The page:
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September 2019


Quarterly: Oct 17
Residential District

How Will Your Real-Estate Sale Be Taxed?

When you sell real estate property other than your primary residence, the tax implications of that sale depend on whether it qualifies as dealer or investor property. Each of these classifications is taxed differently and carries its own benefits and drawbacks.

Dealer Property: Property you hold for sale to customers in the ordinary course of a trade or business is considered Dealer Property. House flipping is a common example of dealer property because you purchase the property with the intention of fixing it up and selling it for a profit.

Profits on dealer sales are taxed at your ordinary income rate which can be as high as 37 percent and are also subject to the self-employment tax of 15.3 percent. Dealer sales cannot be used in 1031 exchanges to defer taxes by reinvesting in another property.

One advantage of dealer sales is that any losses on a property are considered ordinary business losses which can be fully deducted in the year of the sale as opposed to capital losses on investment property which are limited to $3,000 per year.

Investor Property: Property that is held to produce income or long-term appreciation is considered Investor Property. Rental properties are the most common type of investor properties.

Profits on investor sales are taxed at capital gains rates which are capped at 20 percent if you own the property for more than one year. Investor property sales are also not subject to the 15.3 percent self-employment tax.

The cost of investor properties can also be depreciated over the useful life of the property, although the depreciated cost will need to be recaptured at the time of the sale. Investor properties qualify for 1031 exchanges which allow you to reinvest the profits from the property into a similar property and defer the taxes on the sale until you sell the new property. One disadvantage of investor property sales is that the deduction for capital losses is capped at $3,000 per year unless you have capital gains from another sale to offset the losses.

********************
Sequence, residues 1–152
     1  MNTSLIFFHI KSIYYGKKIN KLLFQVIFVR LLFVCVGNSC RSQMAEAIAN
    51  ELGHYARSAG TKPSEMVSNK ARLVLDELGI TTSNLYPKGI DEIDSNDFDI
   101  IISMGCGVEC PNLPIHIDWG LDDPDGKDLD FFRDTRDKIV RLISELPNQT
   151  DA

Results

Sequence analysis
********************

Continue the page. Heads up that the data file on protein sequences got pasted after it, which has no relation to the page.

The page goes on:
Generally speaking, if you sell a property at a gain you will receive favorable tax treatment if the property is classified as investor property and if you sell a property at a loss you will receive favorable tax treatment if it is classified as dealer property.

Classifying Your Property Sale

Identifying the correct property classification is not as simple as determining which will give you better tax treatment. In classifying your property sale the IRS will look at multiple attributes of the individual sale and your overall situation:

  • Intent: One key area the IRS will look at when classifying your property sale is your original intent in purchasing the property. If you purchase a property with the intent of fixing it up and reselling for a profit, then that property is considered dealer property. If you buy a property with the intention of fixing it up to operate as a rental property it will be considered investment property. Even if you sell the property before collecting any rent you can classify it as an investment property if you can demonstrate that your original intent was for it to be a rental property. Documenting your intent at the point of purchase is critical to defend your position before the IRS.

  • Holding period: Generally speaking, the less time you own a property before selling it the greater the chance the IRS will classify the property as a dealer property.

  • Frequency of property sales: If you are regularly buying and selling properties you are likely to be classified as a dealer.

  • “Making a Living:” If a significant portion of your income is made through buying and selling properties you are more likely to be classified as a dealer.

These attributes are examples of what the IRS looks at to classify your property sale but not a definitive list. There is no standard formula to follow and you need to evaluate the characteristics of each property sale on its own. Understanding the distinction between a dealer and investor property can help you avoid surprises in tax season. Proper planning and record-keeping can also ensure that you receive the best tax treatment available to you when you sell your property.

For help determining how your property sale should be classified, please reach out to us.

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